What is a Cross-Site Request Forgery (CSRF) Attack?
Table of Contents
- By Greg Brown
- Apr 07, 2023
Successful hackers have the ability to find a specific vulnerability and turn it into millions of dollars if the account is large enough. Good hackers keep it simple by using the browser as a means to attack unwitting users.
Cross-site request forgery, commonly called CSRF, is an innovative attack method in which hackers use header and form data to exploit the trust a website has in a user’s browser.
Even though attack methods are similar, CSRF differs from XSS or cross-site scripting in which XSS is malicious code injected into otherwise benign and trusted websites. In contrast, CSRF forces users into unwanted actions where they are currently authenticated. Hacked administrator accounts can compromise the entire application.
The first documented use of CSRF came in 2005 when the world’s fastest-spreading worm ever, dubbed Samy, came into focus. The worm was designed to propagate across MySpace. Within the first 24 hours, over one million users clicked on the worm, which displayed the string “but most of all, Samy is my hero.” The worm was the first documented XSS in history that used a CSRF replication method.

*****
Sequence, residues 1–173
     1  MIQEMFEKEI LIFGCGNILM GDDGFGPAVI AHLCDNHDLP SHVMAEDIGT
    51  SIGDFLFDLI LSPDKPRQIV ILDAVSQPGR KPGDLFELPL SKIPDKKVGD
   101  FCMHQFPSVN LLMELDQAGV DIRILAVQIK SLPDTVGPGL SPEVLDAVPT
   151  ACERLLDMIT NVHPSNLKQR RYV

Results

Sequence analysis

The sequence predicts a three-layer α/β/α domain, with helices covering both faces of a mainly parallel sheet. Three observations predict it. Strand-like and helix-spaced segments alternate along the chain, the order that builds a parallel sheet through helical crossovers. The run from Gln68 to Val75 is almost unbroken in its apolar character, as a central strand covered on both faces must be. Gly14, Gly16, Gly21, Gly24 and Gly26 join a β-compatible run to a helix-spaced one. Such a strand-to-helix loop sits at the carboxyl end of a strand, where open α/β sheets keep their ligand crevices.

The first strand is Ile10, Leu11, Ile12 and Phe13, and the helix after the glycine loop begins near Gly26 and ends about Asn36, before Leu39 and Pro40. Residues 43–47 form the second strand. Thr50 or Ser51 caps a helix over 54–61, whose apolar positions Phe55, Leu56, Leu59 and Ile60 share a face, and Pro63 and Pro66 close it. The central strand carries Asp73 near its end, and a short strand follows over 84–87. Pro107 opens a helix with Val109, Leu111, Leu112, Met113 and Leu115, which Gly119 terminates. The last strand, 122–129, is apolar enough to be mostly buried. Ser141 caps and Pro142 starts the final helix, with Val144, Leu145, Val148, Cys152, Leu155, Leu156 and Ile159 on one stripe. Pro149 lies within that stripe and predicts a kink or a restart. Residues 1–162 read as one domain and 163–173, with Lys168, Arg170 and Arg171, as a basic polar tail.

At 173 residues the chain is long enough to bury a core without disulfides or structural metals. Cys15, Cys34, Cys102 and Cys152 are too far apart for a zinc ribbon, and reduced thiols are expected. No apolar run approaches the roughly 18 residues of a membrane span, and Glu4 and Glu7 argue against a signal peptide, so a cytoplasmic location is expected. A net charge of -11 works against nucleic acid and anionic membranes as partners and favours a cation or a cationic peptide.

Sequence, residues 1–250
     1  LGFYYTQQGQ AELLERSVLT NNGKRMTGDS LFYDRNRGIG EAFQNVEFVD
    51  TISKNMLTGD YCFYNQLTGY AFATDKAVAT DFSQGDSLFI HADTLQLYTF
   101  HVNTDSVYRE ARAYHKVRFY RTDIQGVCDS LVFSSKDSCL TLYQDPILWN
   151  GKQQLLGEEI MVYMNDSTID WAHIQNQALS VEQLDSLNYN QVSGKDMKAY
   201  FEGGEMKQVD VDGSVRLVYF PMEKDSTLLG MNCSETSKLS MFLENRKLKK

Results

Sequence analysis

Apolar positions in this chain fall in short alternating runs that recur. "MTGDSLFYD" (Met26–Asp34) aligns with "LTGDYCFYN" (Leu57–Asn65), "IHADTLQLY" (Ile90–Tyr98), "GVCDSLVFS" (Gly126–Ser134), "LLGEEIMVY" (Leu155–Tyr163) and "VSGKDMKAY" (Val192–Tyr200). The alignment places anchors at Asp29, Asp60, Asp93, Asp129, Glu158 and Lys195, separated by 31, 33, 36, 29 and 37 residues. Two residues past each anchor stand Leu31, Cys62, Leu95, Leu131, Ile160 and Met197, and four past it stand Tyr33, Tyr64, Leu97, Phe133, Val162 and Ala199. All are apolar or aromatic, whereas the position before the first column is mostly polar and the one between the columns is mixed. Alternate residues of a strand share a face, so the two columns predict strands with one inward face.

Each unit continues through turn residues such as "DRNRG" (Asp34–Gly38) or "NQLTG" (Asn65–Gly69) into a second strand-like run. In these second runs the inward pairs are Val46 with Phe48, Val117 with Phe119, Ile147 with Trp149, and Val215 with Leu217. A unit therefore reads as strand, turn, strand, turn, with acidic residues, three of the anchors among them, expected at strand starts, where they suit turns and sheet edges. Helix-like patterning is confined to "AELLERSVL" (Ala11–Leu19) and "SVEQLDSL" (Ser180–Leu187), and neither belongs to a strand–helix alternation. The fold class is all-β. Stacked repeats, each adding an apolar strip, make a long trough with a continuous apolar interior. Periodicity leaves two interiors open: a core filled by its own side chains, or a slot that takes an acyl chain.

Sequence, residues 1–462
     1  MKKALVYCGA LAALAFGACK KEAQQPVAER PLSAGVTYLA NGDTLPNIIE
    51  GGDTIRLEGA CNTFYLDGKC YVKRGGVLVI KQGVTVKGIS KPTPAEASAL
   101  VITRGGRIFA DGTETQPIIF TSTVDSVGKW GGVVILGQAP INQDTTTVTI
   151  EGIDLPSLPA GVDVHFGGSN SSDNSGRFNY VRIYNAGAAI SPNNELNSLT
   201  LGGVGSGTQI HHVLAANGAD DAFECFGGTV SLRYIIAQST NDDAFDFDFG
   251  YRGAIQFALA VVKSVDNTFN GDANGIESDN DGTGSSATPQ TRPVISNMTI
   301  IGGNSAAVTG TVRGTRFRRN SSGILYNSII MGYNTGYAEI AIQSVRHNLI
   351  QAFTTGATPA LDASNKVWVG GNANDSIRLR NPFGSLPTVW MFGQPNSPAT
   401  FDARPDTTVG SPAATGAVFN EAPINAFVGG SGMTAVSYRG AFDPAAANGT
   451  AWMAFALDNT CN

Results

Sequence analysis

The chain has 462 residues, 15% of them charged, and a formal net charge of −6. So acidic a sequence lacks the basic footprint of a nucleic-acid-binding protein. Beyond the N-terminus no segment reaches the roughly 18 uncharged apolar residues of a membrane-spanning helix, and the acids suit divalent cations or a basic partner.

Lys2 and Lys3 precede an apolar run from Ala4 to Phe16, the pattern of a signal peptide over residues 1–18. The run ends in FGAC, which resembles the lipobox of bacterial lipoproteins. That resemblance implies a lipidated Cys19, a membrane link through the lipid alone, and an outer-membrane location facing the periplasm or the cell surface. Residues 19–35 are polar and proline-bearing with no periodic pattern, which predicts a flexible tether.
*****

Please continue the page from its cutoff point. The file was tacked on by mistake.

Notable CSRF Attacks:
- 2006 saw Netflix with a challenging cross-site scripting problem that allowed hackers to add DVDs to a person’s account and change login credentials with addresses.
- In 2007, Gmail found several CSRF vulnerabilities early in its development cycle.
- Yahoo calendar permitted hackers to use CSRF to add malicious events to be scheduled.
CSRF attacks begin when the user logs into a compromised page and a rogue HTTP request is made from an authenticated browser to the application. If the attacker is adequately authenticated into the page, hackers can make a user’s bank account authorize transfers, change account information, and make charges.
One significant advantage for hackers is they rely on victims never logging out anymore. Attacks use social media to ensure unwitting victims visit the pages controlled by hackers using links or attachments.
Anatomy of CSRF Attacks